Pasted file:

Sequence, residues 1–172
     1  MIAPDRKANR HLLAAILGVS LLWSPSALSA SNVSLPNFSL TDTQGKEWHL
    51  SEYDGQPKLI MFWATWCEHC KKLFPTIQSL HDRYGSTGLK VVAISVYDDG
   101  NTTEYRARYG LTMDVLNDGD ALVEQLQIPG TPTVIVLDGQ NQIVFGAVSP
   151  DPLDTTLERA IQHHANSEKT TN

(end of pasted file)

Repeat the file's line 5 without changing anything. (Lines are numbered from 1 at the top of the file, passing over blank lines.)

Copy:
   151  DPLDTTLERA IQHHANSEKT TN